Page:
Most Common Digital Design Distractions

With just seconds to capture a Web visitor's attention and guide them to complete the task they came to the site to do, Web designers often rely on elements they think will help conversions. All too often, however, these elements do the exact opposite, failing to capture the conversion because they are too distracting to the user.


Website Magazine enlisted the help of 30-plus Web professions to see what common Web design elements are distracting customers, visitors, users, subscribers from completing their tasks on a company's website - and what should a brand do instead. Note, respondents had word-count restrictions or they likely would have elaborated.



"The biggest mistake I see business owners making is keeping an outdated site for years and years on end. If you've not got a responsive website that can be used appropriately on any device, you're losing ground against your competition."
+ Travis Bennett, Founder of Studio Digita


"As much as metrics may suggest otherwise, websites lose and frustrate users when they continue to barrage with popup lightboxes that block content to subscribe or advertise. This includes the bottom right pop up which impedes on scrolling down.


Solution: If subscribing is truly the only way the company can convert a customer to purchasing, then add it as a sticky bottom menu. This means it is present all of the time but allows the user to scroll and read content without interruptions."
+ Emma Moore, Owner of Fundamental, LLC


"Forms that have a cancel/reset button. If a visitor accidentally clicks that rather than submit they will often leave the site rather than start all over."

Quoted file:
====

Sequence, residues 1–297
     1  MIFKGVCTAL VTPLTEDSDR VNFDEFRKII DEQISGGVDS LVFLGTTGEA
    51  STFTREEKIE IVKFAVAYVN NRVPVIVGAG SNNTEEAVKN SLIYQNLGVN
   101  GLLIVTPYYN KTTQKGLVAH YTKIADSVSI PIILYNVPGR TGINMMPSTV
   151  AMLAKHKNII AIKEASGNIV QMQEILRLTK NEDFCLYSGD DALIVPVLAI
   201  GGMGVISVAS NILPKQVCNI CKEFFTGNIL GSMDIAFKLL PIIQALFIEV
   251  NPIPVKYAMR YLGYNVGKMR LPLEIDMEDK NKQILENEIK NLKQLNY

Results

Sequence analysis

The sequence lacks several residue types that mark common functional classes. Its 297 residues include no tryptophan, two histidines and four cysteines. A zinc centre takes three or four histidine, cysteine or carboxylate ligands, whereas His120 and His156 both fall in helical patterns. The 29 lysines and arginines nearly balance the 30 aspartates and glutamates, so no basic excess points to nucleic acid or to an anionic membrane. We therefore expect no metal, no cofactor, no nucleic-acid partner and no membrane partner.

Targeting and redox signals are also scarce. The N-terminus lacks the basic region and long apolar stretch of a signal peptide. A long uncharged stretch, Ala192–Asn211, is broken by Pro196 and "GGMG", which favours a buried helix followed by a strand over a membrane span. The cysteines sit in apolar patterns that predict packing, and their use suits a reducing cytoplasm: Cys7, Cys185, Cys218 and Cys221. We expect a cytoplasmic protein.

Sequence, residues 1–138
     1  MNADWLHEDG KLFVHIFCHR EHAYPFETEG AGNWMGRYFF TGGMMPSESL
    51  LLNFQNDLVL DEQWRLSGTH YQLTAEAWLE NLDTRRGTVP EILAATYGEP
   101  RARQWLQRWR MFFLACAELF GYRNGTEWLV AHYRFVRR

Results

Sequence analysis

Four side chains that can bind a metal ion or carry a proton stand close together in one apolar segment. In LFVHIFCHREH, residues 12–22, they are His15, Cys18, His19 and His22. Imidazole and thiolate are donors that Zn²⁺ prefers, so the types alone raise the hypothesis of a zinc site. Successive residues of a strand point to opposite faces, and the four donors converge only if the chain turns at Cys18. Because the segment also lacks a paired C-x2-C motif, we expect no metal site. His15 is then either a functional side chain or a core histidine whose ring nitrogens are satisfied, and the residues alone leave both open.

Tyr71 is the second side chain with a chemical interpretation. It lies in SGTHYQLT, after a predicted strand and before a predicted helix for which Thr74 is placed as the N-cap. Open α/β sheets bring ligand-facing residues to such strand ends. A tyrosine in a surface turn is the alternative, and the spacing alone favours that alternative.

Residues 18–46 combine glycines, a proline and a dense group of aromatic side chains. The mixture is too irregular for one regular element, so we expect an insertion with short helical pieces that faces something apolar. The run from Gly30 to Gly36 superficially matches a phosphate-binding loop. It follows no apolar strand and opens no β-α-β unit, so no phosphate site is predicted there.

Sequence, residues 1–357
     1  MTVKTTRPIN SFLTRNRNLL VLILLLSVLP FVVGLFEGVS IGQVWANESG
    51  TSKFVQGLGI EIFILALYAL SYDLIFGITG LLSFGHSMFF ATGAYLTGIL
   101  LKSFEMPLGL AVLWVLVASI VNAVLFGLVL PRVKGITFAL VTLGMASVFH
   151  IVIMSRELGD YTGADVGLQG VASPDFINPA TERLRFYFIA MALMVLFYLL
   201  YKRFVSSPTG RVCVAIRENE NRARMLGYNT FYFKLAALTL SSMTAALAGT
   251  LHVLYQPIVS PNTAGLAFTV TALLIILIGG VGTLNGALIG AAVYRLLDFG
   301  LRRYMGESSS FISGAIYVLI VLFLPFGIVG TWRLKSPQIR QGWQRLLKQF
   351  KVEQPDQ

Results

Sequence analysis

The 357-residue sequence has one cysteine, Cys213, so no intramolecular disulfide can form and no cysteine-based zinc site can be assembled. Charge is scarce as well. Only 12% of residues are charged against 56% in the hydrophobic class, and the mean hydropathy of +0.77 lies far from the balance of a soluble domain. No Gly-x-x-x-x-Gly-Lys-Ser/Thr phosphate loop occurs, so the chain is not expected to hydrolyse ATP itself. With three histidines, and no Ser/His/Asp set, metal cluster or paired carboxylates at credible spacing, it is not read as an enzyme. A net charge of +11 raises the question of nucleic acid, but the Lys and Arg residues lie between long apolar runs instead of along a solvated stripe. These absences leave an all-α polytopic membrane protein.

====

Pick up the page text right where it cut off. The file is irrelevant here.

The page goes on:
+ Stoney G deGeyter, CEO & Project Manager of Pole Position Marketing


"Sliders, especially sliders with footer content, are problematic and most Web design experts strongly advise against them. Even more problematic are infinite scroll websites that load the rest automatically once when you get to the bottom of the page as many customers will find it intuitive to have contact info at the bottom of the page if there is no contact info somewhere on top. Instead of sliders, use well-organized dropdown menus whenever possible."
+ Alex Bar, Owner at Third Temple Digital


"Avoid any type of 'notify on first visit' entity. With content now so app oriented, websites are increasingly accessed via native app Web-views (e.g., via Twitter, Reddit, etc.), which means no cookies or persistent logins. Ironically, a good example of this mistake is the Euro Cookie notice law - I don't think they realized those would show so persistently."
+ Peter Holmes, Creative Director at Barefoot Solutions


"Many things can get in the way of people completing the intended task - on ecommerce, discount codes can be a big one where customers will see 'discount code' within the checkout and then drop out to hunt one down. Keep a small text link in the basket asking if they have a code which expands out a form field."
+ Ed Baxter, Search Manager at Evoluted


"Poor performance is a big point of friction causing customers to leave websites.


Web pages have gotten too large, causing them to load slowly and react poorly to user interaction. This creates frustration and customers just leave."
+ Chris Love, Owner of Love2Dev


"Social sharing can have a negative impact on a website's user experience (UX) and conversions, especially on ecommerce product pages. Its inclusion can slow load times, distract users from a page's central goal and create distrust in content or products if they include counters with low numbers. Social sharing should be used sparingly on key content or after conversions and sales."